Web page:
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I started commuting to work and was wondering if it's worth getting some slick road tyres for a 560 rockrider Btwin bike.

It has a 26x2 mitcheline cross trail tyre that came with the bike which is good for off road but it feels sluggish and slow as, pretty much 9/10 cyclist on road or single speed bikes beat me easily.

I tend to have to pedal harder and faster to keep up!

Do I need to purchase exact same dimensions as my current tyre or can I purchase any 26 tyre?

marked as duplicate by Móż, Criggie, andy256, zenbike Jun 13 '16 at 3:05

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    You certainly can replace the heavily lugged mountain/cross style tires you likely have with slick or nearly slick road tires. In many cases you will experience a noticeable improvement in speed/ease of cycling by doing this, though of course nothing guarantees you will blast others off the road. You generally should attempt, at the same time, to go with a somewhat narrower tire, though how much narrower depends on your rims, so the advice of a good bike mechanic is probably worthwhile. (And don't forget to increase tire pressure as well.) – Daniel R Hicks Jun 11 '16 at 20:53
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    Just to clarify - "slicks" means a tyre with less tread and often a smooth strip around the rolling edge. I've ridden on totally smooth tyres (thickslicks) which were truly horrendous at cornering at any speed if the road was anything other than bone dry. – Criggie Jun 12 '16 at 0:23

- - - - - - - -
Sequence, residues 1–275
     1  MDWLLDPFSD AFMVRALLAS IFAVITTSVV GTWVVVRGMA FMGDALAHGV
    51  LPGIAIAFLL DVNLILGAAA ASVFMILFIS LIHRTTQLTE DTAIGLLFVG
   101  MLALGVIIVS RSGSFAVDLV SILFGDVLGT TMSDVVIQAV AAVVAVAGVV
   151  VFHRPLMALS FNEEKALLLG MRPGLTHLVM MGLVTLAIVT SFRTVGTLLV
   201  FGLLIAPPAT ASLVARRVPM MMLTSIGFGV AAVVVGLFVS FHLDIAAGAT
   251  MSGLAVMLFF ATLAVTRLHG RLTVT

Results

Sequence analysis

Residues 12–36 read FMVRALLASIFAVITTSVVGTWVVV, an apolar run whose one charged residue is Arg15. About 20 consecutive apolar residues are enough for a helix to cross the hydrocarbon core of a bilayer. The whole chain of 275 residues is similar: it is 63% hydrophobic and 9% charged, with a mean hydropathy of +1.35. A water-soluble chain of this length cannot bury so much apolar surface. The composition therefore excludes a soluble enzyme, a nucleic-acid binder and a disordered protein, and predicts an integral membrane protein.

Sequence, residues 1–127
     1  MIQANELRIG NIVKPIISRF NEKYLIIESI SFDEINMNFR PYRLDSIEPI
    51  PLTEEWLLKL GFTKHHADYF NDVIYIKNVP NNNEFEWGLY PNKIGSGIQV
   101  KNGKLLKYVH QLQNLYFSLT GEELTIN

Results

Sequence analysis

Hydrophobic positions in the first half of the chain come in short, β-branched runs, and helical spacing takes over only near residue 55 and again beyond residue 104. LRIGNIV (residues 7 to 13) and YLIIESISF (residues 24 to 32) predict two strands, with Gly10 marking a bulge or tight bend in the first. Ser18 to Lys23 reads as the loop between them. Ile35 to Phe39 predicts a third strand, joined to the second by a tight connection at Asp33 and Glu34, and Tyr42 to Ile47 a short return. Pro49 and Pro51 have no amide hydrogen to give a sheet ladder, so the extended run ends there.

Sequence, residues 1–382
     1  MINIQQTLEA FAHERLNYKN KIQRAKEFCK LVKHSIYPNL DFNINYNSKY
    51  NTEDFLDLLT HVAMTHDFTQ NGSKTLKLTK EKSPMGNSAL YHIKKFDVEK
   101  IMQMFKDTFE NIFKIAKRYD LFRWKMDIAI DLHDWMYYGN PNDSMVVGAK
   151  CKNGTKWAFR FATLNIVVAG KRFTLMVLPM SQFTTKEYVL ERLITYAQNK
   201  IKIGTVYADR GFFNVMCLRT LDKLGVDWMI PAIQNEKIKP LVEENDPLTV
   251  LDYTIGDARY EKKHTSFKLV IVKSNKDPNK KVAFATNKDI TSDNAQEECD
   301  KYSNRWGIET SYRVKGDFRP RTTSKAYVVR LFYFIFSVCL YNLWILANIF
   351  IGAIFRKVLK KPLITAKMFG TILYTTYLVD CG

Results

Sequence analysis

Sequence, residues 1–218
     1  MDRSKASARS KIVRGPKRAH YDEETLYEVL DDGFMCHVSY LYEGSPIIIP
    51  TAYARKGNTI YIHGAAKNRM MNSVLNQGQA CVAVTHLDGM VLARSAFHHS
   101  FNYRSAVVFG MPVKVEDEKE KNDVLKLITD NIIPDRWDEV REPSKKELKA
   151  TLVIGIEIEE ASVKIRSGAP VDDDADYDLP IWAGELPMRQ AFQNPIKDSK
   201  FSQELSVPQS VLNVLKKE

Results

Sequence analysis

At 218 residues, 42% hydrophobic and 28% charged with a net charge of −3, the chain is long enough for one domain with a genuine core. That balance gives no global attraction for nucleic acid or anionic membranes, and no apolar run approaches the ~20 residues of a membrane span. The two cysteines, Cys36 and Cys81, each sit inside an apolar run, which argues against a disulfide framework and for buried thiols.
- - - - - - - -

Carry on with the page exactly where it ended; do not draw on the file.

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    One important point. 26-inch tires are weird. If the tire is sized in fractions (26x1-3/4, eg) then the rim diameter varies with width (and you can't practically use different width tires). If it's sized in decimal (26x1.75, eg) then the rim diameter is fixed at 599mm. Check your current tires for an ISO size designation such as "51-599" and make sure that the second number there (the rim diameter) is the same on the new tires you buy. (The first number is the tire width in mm.) – Daniel R Hicks Jun 12 '16 at 2:17
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I can from recent experience tell you that if you ride on the road, slicks make a big and positive difference. Noise is reduced, speed is increased, handling is as good if not better. I feel safe and don't work as hard.

I went with wide ones just a bit less than the knobblies I replaced. But from what I have read, thinner ones are better, which makes sense since road bikes have thin brittle, scary looking tyres.

  • In terms of size. Do i need to go with same width as my current one or can a smaller one do the trick? – jonney Jun 11 '16 at 23:10
  • I went from 2.2 to 2, but I could have gone narrower and probably should have. Make sure whatever you get will go in the rim properly (and stay in it), apart from that width is up to you. – Kilisi Jun 11 '16 at 23:12

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